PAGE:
"Are you really sure you haven't seen any of the dreaded snowmen?" the townsperson asked solemnly.
"I am sure," the high priest replied with equal earnest, "but to reassure you, I am going to take another look."
The protocol required this procedure to be repeated three times.
Every time the high priest was asked the same question by a different person. Every year, every adult man and woman hoped for a chance to make the selection. Being chosen as one of the three townspeople waiting at the foot of the gate meant that your peers regarded you as a valuable member of the community. It included several perks and benefits that could easily last for the rest of their entire life.
Once the priest had been questioned three times and reassured the selected townspeople three times that there was no peril, the festivities for the night could start. No one ever expected the priest to come down the stairs with bad news.
You can imagine the fuss, followed by the fear, when the high priest started to scream the third time he glared toward the dark horizon.
There, just past North Creek, he saw the light of torches flare up. Much to his horror, he distinguished a group of dark figures about to cross the bridge. With a trembling hand, he reached for the alarm bell. When he rang it, the whole city held its breath. Despite the enormous crowd within the walls, you could hear a pin drop once the sound of the bell had faded.
The tension was unbearable for several long seconds until roaring laughter resounded from beyond the walls. The high priest was furious when he saw that the alleged assailants were nothing but a bunch of rascals wearing dark cloaks, making fun of the yearly tradition. Disgusted, the high priest yelled at them: “Heretics! Sacrilegious scoundrels! How dare you frighten your fellow brothers and sisters!”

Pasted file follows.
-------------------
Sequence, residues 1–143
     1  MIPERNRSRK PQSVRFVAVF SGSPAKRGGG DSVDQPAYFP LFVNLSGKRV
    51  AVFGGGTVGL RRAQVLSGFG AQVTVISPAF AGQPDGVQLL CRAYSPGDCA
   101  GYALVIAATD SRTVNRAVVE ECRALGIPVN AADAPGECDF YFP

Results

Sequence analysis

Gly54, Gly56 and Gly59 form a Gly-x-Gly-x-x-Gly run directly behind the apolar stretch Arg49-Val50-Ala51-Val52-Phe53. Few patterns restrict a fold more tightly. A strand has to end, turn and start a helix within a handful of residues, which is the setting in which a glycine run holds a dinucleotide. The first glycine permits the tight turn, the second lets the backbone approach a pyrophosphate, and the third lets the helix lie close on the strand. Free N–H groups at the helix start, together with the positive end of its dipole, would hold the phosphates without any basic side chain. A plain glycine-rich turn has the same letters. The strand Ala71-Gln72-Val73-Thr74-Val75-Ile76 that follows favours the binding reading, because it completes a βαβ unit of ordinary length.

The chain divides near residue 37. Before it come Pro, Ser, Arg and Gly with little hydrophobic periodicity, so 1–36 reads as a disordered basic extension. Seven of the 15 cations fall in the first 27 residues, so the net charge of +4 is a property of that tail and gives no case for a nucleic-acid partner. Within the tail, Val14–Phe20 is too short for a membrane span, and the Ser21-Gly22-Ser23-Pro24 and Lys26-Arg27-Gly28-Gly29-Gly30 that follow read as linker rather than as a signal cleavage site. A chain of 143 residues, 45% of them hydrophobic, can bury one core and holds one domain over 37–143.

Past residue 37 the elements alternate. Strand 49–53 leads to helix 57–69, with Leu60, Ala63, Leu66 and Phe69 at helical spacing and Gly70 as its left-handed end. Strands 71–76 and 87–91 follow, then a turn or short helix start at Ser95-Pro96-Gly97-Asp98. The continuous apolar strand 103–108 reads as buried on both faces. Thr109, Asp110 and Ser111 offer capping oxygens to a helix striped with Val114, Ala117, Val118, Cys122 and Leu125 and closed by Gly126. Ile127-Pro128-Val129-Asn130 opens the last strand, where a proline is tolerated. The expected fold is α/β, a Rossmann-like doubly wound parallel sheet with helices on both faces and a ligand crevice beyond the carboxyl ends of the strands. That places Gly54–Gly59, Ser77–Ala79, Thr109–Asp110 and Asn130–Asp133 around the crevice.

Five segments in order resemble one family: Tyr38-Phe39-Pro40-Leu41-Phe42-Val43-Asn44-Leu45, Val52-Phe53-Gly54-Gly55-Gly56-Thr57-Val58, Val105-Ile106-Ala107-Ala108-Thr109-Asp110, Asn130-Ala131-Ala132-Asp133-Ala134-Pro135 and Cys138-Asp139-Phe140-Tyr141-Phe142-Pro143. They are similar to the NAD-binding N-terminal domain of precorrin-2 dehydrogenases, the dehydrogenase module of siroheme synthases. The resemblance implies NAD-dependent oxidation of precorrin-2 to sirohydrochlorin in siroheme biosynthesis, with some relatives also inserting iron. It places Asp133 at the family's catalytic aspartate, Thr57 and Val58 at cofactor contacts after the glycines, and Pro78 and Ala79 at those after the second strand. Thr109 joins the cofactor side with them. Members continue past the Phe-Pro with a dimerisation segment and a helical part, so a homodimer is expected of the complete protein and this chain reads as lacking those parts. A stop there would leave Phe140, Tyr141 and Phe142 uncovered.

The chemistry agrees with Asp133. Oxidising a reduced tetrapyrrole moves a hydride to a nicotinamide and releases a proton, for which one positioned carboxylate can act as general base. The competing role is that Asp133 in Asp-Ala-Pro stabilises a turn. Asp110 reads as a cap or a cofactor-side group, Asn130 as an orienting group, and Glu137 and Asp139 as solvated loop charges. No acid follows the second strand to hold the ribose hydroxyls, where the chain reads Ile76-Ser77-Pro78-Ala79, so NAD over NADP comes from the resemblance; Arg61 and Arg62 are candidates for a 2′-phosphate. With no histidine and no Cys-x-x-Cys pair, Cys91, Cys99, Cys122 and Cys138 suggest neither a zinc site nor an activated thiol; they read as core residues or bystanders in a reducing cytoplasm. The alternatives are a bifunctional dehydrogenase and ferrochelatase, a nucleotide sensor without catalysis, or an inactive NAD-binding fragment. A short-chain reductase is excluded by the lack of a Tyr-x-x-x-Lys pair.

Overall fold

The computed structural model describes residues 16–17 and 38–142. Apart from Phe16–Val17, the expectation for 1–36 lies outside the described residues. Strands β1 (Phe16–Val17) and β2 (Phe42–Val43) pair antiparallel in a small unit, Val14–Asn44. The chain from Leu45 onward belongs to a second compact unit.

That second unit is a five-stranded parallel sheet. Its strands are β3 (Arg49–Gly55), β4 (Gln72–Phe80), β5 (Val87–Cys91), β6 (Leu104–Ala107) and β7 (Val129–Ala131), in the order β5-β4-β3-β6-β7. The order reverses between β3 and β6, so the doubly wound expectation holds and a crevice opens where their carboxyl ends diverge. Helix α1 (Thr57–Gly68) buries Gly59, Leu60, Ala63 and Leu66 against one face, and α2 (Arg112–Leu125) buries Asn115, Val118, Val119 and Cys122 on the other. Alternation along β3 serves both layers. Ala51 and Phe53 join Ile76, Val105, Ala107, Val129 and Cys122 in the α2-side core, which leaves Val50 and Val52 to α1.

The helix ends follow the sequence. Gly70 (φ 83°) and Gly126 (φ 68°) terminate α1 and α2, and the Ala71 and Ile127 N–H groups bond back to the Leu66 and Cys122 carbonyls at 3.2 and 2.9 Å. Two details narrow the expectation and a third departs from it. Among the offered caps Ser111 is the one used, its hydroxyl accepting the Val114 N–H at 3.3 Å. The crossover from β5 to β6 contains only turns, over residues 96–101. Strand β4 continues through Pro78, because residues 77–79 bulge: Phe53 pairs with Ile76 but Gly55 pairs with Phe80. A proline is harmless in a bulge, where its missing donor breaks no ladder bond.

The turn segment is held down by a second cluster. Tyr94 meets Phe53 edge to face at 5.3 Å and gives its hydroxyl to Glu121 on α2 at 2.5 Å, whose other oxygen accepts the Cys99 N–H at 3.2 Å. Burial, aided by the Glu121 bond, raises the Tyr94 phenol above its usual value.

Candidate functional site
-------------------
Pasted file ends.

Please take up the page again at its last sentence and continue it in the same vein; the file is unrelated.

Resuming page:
He then addressed his audience within the walls: “Don’t be afraid, the snowmen aren’t coming. It’s just a small group of good-for-nothings who thought it was a good idea to fool us into believing the Snow Lord was coming for his revenge.”
Indeed, hours before the sun would set, a dozen of men and women had been hiding in the cold just to pull this prank on the high priest. They now moved toward the Northern gate, growling and howling like crazy. Some were carrying hollow beetroots with candles inside, other were brandishing torches.
The high priest was about to spit out his wrath and order the men below him not to open the gate for the infidels, when an icy wind rose from the North. The torch lights of the men outside the walls died abruptly. Their laughter died down. The only thing the high priest saw were a few bright spots in the dark, candles that had not been blown out by the sudden gust of wind. Those too died when a dark cloud passed over the moon. The high priest reached over the wall as far as he could, but it was pitch dark. He didn't see any movement near the bridge anymore.
The heart of the high priest froze when he suddenly heard a war drum beating in the distance.